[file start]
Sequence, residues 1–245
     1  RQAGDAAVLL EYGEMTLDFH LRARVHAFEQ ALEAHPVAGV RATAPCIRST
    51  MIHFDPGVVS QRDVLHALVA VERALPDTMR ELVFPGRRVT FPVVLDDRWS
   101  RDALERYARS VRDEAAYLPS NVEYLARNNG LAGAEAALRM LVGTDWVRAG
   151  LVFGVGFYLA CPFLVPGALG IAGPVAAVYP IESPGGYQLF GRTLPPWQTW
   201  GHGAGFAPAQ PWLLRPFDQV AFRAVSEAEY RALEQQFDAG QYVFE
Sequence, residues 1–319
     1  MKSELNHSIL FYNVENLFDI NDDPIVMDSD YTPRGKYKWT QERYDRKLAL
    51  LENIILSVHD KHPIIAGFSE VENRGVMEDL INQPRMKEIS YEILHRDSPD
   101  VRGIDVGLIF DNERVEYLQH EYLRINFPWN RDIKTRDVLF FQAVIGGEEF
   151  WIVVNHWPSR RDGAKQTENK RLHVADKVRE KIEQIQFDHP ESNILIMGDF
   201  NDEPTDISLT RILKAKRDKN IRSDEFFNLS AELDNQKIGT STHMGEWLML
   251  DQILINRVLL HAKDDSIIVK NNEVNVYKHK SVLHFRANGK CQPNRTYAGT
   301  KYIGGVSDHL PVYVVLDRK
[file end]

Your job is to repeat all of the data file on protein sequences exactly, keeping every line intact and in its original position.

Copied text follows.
Sequence, residues 1–245
     1  RQAGDAAVLL EYGEMTLDFH LRARVHAFEQ ALEAHPVAGV RATAPCIRST
    51  MIHFDPGVVS QRDVLHALVA VERALPDTMR ELVFPGRRVT FPVVLDDRWS
   101  RDALERYARS VRDEAAYLPS NVEYLARNNG LAGAEAALRM LVGTDWVRAG
   151  LVFGVGFYLA CPFLVPGALG IAGPVAAVYP IESPGGYQLF GRTLPPWQTW
   201  GHGAGFAPAQ PWLLRPFDQV AFRAVSEAEY RALEQQFDAG QYVFE
Sequence, residues 1–319
     1  MKSELNHSIL FYNVENLFDI NDDPIVMDSD YTPRGKYKWT QERYDRKLAL
    51  LENIILSVHD KHPIIAGFSE VENRGVMEDL INQPRMKEIS YEILHRDSPD
   101  VRGIDVGLIF DNERVEYLQH EYLRINFPWN RDIKTRDVLF FQAVIGGEEF
   151  WIVVNHWPSR RDGAKQTENK RLHVADKVRE KIEQIQFDHP ESNILIMGDF
   201  NDEPTDISLT RILKAKRDKN IRSDEFFNLS AELDNQKIGT STHMGEWLML
   251  DQILINRVLL HAKDDSIIVK NNEVNVYKHK SVLHFRANGK CQPNRTYAGT
   301  KYIGGVSDHL PVYVVLDRK